8 Killed in Attack on Sufi Gathering
KARACHI, Pakistan — Gunmen threw grenades at a Sufi Islamic religious gathering on Sunday in the port city of Karachi and then opened fire on the people assembled to offer prayers, killing eight, officials said. Eight others were wounded in the attack, said Aftab Chanur, an official at a hospital where the injured were taken.
The four gunmen, who were on motorcycles, first lobbed grenades at a building where a Sufi cleric was receiving his followers, then raked it with automatic fire, said Javed Odho, a police official.
He said women and children were among the dead and wounded. Pakistan is 95 percent Muslim, and the majority are Sunnis.
Sufism is a mystical branch of Islam. But Sufi shrines and followers have come under attack from Sunni militants who do not consider them to be true Muslims.
No one claimed responsibility for the attack. But suspicion is likely to fall on the Pakistani Taliban or their affiliated sectarian groups, which follow a strict interpretation of Islam that considers many other Muslims, like Sufis or minority Shiites, to be heretics. In recent years, militants have often attacked shrines, which they consider to be sacrilegious.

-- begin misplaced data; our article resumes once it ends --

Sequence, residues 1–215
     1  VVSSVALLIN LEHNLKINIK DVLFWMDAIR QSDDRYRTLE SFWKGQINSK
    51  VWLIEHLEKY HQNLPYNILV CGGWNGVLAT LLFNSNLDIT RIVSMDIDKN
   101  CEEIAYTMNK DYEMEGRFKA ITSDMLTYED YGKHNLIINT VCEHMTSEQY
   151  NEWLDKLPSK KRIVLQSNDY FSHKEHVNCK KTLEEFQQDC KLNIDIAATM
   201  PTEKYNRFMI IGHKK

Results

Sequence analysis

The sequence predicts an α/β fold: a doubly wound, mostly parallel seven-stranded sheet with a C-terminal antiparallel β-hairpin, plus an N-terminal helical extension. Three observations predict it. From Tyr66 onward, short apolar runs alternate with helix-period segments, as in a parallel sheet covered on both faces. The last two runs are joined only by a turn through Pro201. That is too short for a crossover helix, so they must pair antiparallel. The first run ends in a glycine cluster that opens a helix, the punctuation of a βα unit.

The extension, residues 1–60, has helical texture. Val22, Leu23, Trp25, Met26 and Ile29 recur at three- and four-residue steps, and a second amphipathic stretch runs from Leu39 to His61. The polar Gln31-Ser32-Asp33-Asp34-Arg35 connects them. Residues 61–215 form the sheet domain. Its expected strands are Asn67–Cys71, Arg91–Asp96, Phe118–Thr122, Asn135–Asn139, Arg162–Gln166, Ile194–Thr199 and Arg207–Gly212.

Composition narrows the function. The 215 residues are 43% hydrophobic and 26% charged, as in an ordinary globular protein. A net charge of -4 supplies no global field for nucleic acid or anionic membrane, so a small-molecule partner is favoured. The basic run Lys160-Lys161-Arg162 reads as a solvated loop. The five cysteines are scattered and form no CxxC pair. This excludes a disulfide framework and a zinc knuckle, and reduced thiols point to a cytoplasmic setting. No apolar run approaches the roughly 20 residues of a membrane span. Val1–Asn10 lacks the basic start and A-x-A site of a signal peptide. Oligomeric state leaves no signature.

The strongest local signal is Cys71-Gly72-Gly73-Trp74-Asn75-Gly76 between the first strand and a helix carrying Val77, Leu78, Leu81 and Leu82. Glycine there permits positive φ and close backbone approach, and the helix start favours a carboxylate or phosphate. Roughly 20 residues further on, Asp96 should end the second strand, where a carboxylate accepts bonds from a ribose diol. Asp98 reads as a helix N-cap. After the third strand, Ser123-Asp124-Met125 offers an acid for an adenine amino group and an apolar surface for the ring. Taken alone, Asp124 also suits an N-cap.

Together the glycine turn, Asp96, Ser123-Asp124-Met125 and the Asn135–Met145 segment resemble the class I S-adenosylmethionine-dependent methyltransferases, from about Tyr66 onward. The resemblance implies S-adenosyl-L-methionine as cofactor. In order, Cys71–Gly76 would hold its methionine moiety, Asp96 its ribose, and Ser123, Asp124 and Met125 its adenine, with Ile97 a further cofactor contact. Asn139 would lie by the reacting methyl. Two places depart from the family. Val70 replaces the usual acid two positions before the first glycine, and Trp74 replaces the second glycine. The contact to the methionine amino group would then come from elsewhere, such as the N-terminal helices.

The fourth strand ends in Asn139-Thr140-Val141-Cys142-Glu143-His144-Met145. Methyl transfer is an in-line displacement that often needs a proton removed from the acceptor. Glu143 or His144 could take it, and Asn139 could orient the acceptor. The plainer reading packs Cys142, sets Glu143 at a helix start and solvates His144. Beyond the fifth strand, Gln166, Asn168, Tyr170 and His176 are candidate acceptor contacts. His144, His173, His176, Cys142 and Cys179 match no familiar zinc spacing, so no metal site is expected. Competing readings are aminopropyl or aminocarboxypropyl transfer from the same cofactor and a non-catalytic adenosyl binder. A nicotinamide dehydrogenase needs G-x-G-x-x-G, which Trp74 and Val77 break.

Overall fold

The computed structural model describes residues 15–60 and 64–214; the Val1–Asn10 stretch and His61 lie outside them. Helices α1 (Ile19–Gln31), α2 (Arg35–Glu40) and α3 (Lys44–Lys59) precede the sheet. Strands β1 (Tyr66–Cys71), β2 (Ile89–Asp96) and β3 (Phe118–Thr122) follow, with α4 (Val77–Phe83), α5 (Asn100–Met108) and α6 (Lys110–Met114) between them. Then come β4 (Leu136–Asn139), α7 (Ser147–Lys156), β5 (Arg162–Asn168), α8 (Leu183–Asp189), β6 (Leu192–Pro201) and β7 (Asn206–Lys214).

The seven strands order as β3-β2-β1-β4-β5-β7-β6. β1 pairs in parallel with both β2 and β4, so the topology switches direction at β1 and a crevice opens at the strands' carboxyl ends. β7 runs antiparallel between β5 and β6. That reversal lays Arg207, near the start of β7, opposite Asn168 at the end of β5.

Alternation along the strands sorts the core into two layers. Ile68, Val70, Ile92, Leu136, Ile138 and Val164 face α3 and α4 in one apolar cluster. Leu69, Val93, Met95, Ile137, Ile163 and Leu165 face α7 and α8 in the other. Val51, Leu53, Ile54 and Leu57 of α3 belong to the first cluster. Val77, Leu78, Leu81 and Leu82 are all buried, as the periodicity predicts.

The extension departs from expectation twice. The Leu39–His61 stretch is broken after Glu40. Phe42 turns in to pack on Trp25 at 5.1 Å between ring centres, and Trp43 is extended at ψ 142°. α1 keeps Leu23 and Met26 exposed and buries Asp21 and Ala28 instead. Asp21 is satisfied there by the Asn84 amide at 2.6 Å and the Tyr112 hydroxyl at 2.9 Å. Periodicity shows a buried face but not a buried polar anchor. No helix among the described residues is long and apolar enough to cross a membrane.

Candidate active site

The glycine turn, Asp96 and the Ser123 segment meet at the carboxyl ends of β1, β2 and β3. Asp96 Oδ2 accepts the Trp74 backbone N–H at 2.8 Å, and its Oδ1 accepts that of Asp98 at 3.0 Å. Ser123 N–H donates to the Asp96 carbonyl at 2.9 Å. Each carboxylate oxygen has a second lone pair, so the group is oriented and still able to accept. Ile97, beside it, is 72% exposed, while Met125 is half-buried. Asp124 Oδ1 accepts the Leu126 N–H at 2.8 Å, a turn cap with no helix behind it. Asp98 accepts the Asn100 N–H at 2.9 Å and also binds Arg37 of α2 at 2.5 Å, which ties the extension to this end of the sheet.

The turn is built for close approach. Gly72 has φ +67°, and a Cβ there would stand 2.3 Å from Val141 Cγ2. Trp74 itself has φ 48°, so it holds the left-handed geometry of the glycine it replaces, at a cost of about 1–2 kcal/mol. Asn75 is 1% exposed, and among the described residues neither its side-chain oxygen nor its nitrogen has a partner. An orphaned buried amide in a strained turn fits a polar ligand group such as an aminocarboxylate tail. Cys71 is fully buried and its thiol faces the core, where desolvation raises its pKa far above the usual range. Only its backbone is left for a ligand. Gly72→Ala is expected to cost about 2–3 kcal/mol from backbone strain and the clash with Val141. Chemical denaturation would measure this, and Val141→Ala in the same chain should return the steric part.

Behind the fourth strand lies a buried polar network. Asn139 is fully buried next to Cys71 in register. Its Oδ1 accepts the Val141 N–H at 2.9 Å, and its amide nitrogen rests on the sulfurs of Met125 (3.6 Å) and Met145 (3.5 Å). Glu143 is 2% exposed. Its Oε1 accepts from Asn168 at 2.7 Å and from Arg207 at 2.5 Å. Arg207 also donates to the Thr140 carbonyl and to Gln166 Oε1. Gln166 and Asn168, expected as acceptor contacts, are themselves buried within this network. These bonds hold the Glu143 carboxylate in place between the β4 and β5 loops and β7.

In January, militants killed six people at the shrine of a Sufi saint in Karachi. After that attack, militants threatened the cleric whose gathering was attacked Sunday, telling him he should close down the house of worship where he receives his followers, Mr. Odho said.
Karachi is a fast-growing city in southern Pakistan with an estimated 18 million residents. It has often been plagued by political, religious and sectarian violence.
Correction: February 10, 2014
An earlier version of this article misidentified the branch of Islam practiced by the majority of people in Pakistan. Most are Sunnis, not Sufis.